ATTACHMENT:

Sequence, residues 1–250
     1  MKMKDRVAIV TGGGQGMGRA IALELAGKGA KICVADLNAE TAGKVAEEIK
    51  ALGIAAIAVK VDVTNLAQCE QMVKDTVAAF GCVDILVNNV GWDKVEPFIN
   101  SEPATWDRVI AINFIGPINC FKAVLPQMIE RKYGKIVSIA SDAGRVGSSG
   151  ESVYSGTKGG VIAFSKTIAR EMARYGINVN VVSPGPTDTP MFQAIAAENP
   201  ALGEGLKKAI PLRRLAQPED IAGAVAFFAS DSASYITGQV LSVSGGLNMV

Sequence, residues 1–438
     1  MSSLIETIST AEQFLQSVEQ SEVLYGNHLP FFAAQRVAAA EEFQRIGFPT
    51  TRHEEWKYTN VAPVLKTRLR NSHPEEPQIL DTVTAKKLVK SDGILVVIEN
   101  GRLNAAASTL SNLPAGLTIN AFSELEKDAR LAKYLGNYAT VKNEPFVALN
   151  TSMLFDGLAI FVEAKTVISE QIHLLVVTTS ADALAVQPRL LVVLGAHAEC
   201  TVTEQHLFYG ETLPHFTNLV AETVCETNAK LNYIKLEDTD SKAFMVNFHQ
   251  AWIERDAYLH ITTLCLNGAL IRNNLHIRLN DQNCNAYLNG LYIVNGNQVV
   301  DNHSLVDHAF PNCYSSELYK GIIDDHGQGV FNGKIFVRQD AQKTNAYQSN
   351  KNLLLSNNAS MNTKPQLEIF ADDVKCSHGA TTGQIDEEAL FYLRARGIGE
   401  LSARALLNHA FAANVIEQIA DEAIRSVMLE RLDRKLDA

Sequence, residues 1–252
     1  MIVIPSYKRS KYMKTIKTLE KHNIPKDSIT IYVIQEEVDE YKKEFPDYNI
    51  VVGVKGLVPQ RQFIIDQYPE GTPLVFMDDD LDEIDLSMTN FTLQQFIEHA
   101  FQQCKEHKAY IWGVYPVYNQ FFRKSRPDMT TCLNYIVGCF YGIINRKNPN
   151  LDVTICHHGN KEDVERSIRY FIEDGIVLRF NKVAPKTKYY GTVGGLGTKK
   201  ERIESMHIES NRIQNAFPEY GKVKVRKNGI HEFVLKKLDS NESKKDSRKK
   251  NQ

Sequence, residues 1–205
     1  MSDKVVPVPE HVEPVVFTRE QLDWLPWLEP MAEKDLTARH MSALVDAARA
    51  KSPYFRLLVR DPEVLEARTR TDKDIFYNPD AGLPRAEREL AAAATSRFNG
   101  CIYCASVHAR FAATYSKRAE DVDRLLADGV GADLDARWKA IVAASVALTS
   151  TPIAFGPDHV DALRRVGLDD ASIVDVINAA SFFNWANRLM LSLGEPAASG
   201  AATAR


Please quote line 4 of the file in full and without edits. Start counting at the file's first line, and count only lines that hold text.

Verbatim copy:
   101  SEPATWDRVI AINFIGPINC FKAVLPQMIE RKYGKIVSIA SDAGRVGSSG